Just a word to let you know the BioAPI’s applications to Pilot-To-Vessel programs seem to have been having many problems recently. This very same problem exist in the Tier 3 (TR3B triangular crafts) Class Vessels, but is not publicized as it is Unacknowledged…
F-22 Safety Concerns Linger
Aug 26, 2012
Fort Worth Star-Telegram| by Bob Cox
Problems that have imperiled pilots of the famed F-22 Raptor fighter jet are being fixed, a senior Air Force leader said this month.
Not everyone, however, is reassured.
Count Joanna Tinsley among the nonbelievers. In July 2008, her husband, veteran F-22 pilot Brig. Gen. Thomas “Pugs” Tinsley, committed suicide.
Tinsley, who was 45, commanded Elmendorf Air Force Base in Anchorage, Alaska, and was still flying F-22s when he shot himself in the chest one afternoon in an uncharacteristic outburst of rage.
In a lengthy interview with the Star-Telegram, Joanna Tinsley said her husband experienced big changes during the last few months of his life. He was normally a happy, highly energetic and caring man, but he deteriorated physically and emotionally.
“He was short-tempered. He was impatient. He would get mad at things that never would have agitated him before,” said Tinsley, who now lives in Phoenix.
“He was more foggy-headed. He would ask questions over and over again and then stare at you with a blank look.”
Tinsley suffered headaches, his appetite diminished, and he had trouble sleeping. He was plagued by a chronic cough, a common problem for F-22 pilots.
Now, after reading reports of strange occurrences involving other F-22 pilots and comparing notes with other wives, Tinsley said she can’t help but believe that the Air Force’s prized fighter is a health risk. Something about the F-22, she theorizes, may have triggered her husband’s suicide.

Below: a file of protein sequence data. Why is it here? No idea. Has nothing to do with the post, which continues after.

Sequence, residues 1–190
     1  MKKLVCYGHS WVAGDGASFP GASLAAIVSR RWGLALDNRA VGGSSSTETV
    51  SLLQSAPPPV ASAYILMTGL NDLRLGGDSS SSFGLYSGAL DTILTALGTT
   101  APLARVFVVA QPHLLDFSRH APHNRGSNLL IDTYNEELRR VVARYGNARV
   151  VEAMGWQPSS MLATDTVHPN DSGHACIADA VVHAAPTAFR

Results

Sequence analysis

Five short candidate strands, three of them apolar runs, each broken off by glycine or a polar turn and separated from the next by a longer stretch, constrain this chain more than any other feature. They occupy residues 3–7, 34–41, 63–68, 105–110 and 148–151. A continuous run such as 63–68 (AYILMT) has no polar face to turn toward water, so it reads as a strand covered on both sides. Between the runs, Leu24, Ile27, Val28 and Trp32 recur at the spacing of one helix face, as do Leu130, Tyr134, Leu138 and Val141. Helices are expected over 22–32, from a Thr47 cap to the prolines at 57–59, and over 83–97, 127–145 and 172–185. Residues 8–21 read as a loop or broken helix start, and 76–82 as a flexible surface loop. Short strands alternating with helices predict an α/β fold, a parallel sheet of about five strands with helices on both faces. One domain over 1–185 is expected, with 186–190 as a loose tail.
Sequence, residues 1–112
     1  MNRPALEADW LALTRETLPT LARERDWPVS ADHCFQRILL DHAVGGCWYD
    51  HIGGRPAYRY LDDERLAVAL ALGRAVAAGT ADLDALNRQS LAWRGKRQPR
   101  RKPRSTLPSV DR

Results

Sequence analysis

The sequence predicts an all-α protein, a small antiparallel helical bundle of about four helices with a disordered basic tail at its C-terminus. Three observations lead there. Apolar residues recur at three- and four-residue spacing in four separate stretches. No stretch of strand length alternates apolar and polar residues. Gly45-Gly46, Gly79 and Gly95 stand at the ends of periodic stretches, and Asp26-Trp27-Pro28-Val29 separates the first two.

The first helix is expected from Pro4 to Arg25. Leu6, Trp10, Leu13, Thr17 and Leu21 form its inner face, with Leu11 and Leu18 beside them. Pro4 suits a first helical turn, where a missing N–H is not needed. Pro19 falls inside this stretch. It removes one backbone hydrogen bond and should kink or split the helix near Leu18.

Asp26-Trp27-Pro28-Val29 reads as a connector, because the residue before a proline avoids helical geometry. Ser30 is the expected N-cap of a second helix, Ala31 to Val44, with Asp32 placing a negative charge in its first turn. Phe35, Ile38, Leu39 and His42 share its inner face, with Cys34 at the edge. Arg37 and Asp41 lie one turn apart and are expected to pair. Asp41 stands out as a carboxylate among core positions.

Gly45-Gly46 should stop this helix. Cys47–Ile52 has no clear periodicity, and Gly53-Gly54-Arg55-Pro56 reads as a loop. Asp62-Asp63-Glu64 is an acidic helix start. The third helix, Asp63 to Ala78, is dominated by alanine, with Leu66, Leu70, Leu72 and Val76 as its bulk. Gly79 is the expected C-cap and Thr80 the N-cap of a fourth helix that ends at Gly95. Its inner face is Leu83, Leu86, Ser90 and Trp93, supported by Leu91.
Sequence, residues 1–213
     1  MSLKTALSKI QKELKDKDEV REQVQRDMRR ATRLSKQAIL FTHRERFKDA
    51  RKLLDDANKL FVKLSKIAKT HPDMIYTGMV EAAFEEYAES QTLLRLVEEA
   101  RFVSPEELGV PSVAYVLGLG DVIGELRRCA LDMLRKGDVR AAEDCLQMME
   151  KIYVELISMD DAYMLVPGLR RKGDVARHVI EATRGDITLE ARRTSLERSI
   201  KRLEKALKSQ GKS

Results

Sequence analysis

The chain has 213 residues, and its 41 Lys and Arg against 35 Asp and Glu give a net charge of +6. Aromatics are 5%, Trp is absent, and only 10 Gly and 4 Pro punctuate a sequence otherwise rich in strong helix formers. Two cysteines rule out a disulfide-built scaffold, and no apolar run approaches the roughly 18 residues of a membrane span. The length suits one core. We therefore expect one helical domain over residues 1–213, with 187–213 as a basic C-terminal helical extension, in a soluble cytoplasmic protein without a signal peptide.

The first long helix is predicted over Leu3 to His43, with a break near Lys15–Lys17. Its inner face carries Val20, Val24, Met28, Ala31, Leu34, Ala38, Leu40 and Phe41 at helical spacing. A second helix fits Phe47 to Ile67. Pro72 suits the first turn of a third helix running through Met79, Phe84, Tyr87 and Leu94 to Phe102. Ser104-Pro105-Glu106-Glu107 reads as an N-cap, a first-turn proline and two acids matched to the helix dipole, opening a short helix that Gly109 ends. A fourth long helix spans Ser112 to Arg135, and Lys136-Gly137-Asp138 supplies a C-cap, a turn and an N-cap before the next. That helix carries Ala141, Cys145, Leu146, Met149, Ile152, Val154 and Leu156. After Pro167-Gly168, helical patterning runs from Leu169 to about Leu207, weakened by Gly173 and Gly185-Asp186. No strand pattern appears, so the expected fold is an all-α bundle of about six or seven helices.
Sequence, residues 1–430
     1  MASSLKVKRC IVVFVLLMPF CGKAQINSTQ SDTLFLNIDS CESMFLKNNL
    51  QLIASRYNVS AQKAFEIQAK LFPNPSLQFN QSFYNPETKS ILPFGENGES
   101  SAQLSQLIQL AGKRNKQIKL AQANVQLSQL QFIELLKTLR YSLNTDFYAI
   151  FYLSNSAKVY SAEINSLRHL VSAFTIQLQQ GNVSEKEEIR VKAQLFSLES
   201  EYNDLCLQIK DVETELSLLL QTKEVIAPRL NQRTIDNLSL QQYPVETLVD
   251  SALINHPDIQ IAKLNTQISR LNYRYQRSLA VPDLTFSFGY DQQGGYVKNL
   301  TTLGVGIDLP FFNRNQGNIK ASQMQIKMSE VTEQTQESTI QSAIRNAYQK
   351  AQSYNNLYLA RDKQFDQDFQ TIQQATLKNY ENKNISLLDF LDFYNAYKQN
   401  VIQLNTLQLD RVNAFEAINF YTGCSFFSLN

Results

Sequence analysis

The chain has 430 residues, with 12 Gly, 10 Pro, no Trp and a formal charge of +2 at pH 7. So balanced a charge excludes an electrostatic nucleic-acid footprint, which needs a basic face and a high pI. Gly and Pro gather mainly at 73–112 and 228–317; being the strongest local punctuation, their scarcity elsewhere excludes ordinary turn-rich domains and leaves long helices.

“They’re seeing the same things, the same changes that I saw in Tom,” Tinsley said.
Tinsley, another wife and two former engineers who worked on the plane’s development are among those who believe that something still isn’t right with the F-22, which was partially built at Lockheed Martin’s Fort Worth plant.
Reassuring statements aside, they said, the fighter’s problems haven’t been fixed and are worse than the Air Force lets on.
Numerous reports over the past four-plus years described F-22 pilots as becoming disoriented, even blacking out in flight. A lingering cough and respiratory problems were commonly reported, as well as neurological and emotional problems. Two pilots were killed in F-22 crashes.
Amid growing evidence of issues not seen in earlier fighter jets, and facing congressional pressures, the Air Force launched an investigation in 2011. The planes were grounded for several months.
Air Force accident investigators found that the pilot in one crash apparently became disoriented and was unaware of impending danger until it was too late. In another case, the aircraft’s air-supply system failed and the pilot did not or could not activate his emergency oxygen supply, became disoriented and made no attempt to right his plane for 31 seconds before crashing into frozen Alaskan soil.
Other pilots have landed safely but with no memory of doing so. One flew through treetops on approach and apparently didn’t know it.